Your birth plan should also include a newborn birth plan. Many mothers wish to hold their baby skin to skin immediately after birth. Skin to skin contact provides warmth for the baby and satisfaction to the mother. Some parents want…
Published April 24, 2008 by
Putting the thought of baby gifts and parties out of your mind, you may have thought about what happens when your baby first enters the world.
At first sight, your newborn may not be quite what you had expected. For the first half minute or so, his skin might be bluish grey, and he may appear lifeless. That may be a shock if you are not expecting it, but this is the color of all babies in the uterus. As your baby begins breathing and more oxygen enters his body, his color will turn pinker or ruddier-first the head and body, then the arms and legs, and last the feet and hands.
Your baby will be soaking wet, streaked with blood, and smeared with vernix, a white sticky substance... Some babies have a great deal of vernix all over their bodies, and some have only small amounts, only in the creases and folds. Vernix is almost like a hand cream, in that it protects the baby’s skin while he is floating in amniotic fluid.
His face may be swollen and he might have long fingernails. You may also be surprised by the size of your baby’s genitals. The size and color subside in a few days, when their genitals take on a more normal appearance.
Even though most babies do not really need it, care-givers routinely suction babies noses and mouths very soon after birth to remove excess amniotic fluid and mucous. In fact, sometimes they begin suctioning when only the baby’s head is out. It is done with a rubber bulb syringe or with a little jar and tube called a mucous trap. The mucous trap is used if the baby’s airway seems to be very congested or if the baby was under stress during labor and breathing problems are anticipated at the time of birth.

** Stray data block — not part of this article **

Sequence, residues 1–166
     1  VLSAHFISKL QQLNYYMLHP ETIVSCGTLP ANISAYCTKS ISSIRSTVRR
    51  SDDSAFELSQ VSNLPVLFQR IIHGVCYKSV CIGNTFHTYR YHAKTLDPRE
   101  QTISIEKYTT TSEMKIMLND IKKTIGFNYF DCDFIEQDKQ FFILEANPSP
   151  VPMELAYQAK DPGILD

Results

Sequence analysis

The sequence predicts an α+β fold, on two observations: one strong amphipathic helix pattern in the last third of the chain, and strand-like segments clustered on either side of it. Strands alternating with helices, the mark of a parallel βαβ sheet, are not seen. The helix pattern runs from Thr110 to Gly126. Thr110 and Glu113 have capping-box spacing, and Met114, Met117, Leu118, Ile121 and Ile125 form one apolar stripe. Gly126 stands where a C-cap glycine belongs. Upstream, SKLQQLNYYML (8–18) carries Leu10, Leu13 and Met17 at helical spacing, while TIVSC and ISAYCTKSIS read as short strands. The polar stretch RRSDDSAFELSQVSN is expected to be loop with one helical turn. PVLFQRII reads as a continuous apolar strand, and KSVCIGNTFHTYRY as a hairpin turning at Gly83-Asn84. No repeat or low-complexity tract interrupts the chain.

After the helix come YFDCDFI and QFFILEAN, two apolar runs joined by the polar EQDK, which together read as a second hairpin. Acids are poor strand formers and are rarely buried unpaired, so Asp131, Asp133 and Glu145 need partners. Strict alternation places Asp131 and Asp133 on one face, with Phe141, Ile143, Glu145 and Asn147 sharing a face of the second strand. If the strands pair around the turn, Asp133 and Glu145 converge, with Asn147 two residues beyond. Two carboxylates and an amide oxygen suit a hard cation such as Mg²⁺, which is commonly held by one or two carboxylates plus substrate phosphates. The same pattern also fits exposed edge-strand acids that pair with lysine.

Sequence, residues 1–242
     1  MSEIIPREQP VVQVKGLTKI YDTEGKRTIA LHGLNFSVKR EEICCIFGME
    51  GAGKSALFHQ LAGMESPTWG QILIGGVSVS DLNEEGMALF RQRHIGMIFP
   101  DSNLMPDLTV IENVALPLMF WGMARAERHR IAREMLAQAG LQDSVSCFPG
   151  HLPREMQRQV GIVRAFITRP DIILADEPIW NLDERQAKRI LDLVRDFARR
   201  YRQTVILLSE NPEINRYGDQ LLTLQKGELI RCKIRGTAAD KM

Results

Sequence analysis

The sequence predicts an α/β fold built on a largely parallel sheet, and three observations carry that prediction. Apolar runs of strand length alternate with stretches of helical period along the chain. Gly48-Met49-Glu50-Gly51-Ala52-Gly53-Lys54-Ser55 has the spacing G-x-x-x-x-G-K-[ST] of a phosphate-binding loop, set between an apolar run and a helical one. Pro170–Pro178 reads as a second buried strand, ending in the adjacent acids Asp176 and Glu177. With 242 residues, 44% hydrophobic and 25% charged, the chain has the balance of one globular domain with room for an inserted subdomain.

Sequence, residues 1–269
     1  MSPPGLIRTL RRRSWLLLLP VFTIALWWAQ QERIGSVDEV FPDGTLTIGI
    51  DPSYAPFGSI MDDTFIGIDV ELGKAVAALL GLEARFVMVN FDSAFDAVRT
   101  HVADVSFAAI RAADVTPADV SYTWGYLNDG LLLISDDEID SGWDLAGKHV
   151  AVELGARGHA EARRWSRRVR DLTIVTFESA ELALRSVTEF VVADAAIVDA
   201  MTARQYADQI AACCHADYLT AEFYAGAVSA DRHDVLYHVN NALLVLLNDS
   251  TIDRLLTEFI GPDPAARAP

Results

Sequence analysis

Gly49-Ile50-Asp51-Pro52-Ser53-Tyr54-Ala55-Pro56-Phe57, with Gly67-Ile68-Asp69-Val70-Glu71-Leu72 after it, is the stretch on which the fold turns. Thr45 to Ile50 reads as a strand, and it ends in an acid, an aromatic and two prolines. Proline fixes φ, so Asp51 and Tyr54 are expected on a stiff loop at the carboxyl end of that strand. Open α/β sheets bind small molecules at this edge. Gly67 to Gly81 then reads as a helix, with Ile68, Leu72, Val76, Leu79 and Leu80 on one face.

Your baby’s umbilical cord will be clamped in two places close to his abdomen. Then the cord will be cut between the two clamps. Sometimes the father cuts the cord. Otherwise, the doctor does it. Even though there is a spurt of blood when the cord is cut, neither you or your baby will feel it at all, since there are no nerves in the umbilical cord. Then your baby will be either be placed on your abdomen or taken to a special warm bed in the corner of the room for examination and other care. If he is placed on your abdomen, you will feel the warm, wet baby on your now soft belly. Many women find this a very pleasant sensation.
Your baby is dried off by rubbing briskly with soft towels to keep him from getting a chill [a major concern of your doctor]. Your baby will be wrapped in a warm blanket or two, and his head will be covered. In fact, it is a very good idea to have a warm little hat to place on the baby’s head as soon as possible after the birth because the baby’s head is such a large part of his body that a lot of heat can be lost through it.